In This Article Expand or collapse the "in this article" section Developmental Psychology (Cognitive)

  • Introduction
  • General Overviews
  • Theories of Cognitive Development
  • Research Methods
  • Attention
  • Memory
  • Learning
  • Executive Function
  • Reasoning, Problem Solving, and Decision Making
  • Categorization
  • Causal Reasoning
  • Number Concepts
  • Visual Perception
  • Speech Perception
  • Intersensory Perception
  • Early Language Development
  • Word Learning
  • Bilingual and Multilingual Word Learning
  • Bilingualism and Cognition
  • Language and Cognition
  • Social Cognition

Psychology Developmental Psychology (Cognitive)
Catherine M. Sandhofer, Natsuki Atagi, Christina Schonberg, Lauren Krogh Slone
  • LAST REVIEWED: 28 April 2016
  • LAST MODIFIED: 28 April 2016
  • DOI: 10.1093/obo/9780199828340-0180


Cognition refers to a broad range of processes that can generally be understood as processes involved in thinking or acquiring knowledge. Cognition can refer to higher-level acts of thinking, such as problem solving, reasoning, or decision making, but cognition also refers to more basic components of thinking, including memory, perception, and attention. Cognitive development is concerned with how cognition changes over time. Large gains are made in cognitive development during the first few years of life, but cognitive development continues across the lifespan. Studying developmental changes in cognition is complicated by the fact that children are largely preverbal during times of rapid change. Thus, specialized methods are needed to examine changes in children’s cognitive abilities in their early years.

General Overviews

The works included in this section provide broad and comprehensive discussions of research and theories in the field of cognitive development. Bjorklund 2012 and Siegler and Alibali 2004 are textbooks suitable for advanced undergraduates or beginning graduate students and provide a broad survey of topics and research in this area. This section also includes two handbooks: Goswami 2011 and Damon, et al. 2006, which provide comprehensive discussion of current and classic research in cognitive development. Keen 2003 asks theoretical questions about how the methods used in research with children may lead to specific conclusions about the nature of children’s abilities. Oakes 2009 reviews how to think about cognitive development as a whole system.

  • Bjorklund, David F. 2012. Children’s thinking: Cognitive development and individual differences. 5th ed. Belmont, CA: Cengage Learning.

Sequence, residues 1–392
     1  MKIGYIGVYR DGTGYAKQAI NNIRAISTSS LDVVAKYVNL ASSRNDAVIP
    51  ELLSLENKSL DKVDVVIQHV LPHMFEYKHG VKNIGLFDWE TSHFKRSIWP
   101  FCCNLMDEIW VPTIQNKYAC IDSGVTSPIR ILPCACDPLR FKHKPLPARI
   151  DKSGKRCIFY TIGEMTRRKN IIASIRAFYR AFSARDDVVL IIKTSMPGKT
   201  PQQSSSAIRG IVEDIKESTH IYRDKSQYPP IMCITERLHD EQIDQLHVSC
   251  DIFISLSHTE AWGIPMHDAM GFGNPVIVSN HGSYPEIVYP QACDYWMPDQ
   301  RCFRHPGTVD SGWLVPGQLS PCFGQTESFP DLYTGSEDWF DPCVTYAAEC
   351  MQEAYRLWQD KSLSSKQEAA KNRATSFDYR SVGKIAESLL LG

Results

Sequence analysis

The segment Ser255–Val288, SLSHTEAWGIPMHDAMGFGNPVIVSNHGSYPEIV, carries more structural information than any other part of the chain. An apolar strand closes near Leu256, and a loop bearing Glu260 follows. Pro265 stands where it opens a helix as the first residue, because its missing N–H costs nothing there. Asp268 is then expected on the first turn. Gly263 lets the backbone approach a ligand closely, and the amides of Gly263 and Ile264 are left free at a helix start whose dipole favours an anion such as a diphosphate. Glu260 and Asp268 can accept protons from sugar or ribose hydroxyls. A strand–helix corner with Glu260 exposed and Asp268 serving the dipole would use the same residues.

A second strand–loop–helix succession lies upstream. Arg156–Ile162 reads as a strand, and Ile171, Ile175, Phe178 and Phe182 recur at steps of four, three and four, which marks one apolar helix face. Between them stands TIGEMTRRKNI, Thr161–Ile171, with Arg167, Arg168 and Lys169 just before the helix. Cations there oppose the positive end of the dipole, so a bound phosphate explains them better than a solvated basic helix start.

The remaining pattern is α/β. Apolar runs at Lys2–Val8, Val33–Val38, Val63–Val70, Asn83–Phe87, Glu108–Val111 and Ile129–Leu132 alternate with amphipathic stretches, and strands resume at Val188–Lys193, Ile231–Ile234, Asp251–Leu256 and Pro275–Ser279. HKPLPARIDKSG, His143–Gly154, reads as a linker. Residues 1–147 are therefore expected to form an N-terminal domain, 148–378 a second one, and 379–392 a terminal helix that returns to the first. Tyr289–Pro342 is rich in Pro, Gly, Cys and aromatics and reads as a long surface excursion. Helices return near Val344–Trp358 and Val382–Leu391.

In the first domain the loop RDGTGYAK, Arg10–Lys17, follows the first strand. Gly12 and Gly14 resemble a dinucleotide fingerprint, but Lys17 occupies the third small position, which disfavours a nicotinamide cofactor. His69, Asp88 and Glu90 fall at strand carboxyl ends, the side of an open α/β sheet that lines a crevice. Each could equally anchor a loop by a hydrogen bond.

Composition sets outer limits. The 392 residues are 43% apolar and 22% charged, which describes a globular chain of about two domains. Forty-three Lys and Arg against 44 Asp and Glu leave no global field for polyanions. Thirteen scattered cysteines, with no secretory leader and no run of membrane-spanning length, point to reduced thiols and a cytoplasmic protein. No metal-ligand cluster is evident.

This textbook provides comprehensive and current coverage of topics and research in cognitive development. The chapters are arranged both chronologically and topically.

  • Damon, William, Richard M. Lerner, Deanna Kuhn, and Robert S. Siegler, eds. 2006. Handbook of child psychology. Vol. 2, Cognition, perception, and language. 6th ed. Hoboken, NJ: John Wiley.

    This authoritative series covers current and classic research in developmental psychology. Volume 2 of this series contains twenty-two chapters that cover cognitive development, including cognitive processes, cognition and communication, and conceptual understanding, as well as foundational issues. Each chapter is contributed by leading researchers in the field of cognitive development.

  • Goswami, Usha, ed. 2011. The Wiley-Blackwell handbook of childhood cognitive development. 2d ed. Malden, MA, and Chichester, UK: Wiley-Blackwell.

    The twenty-nine chapters in this handbook are contributed by leading researchers in the field of cognitive development. Each chapter provides an overview of classic and current research in major topic areas of cognitive development.

  • Keen, Rachel. 2003. Representation of objects and events: Why do infants look so smart and toddlers look so dumb? Current Directions in Psychological Science 12.3: 79–83.

    DOI: 10.1111/1467-8721.01234

    This theoretical article questions inconsistent findings from infant and toddler research that suggest that infants have great competency whereas toddlers show large deficits in abilities. There is particular discussion about differences in task demands between infant and toddler research methods.

  • Oakes, Lisa M. 2009. The “Humpty Dumpty problem” in the study of early cognitive development. Perspectives on Psychological Science?: A Journal of the Association for Psychological Science 4.4: 352–358.

    DOI: 10.1111/j.1745-6924.2009.01137.x

    This theoretical article focuses on understanding infant cognitive development and observes that most research examines cognitive abilities in isolation. Discussion focuses on how abilities work together in development.

  • Siegler, Robert S., and Martha Wagner Alibali. 2004. Children’s thinking. 4th ed. Upper Saddle River, NJ: Prentice Hall.

    This textbook provides an overview of cognitive development from infancy to adolescence. The chapters are arranged topically such that each chapter discusses a particular topic in the area of cognitive development.

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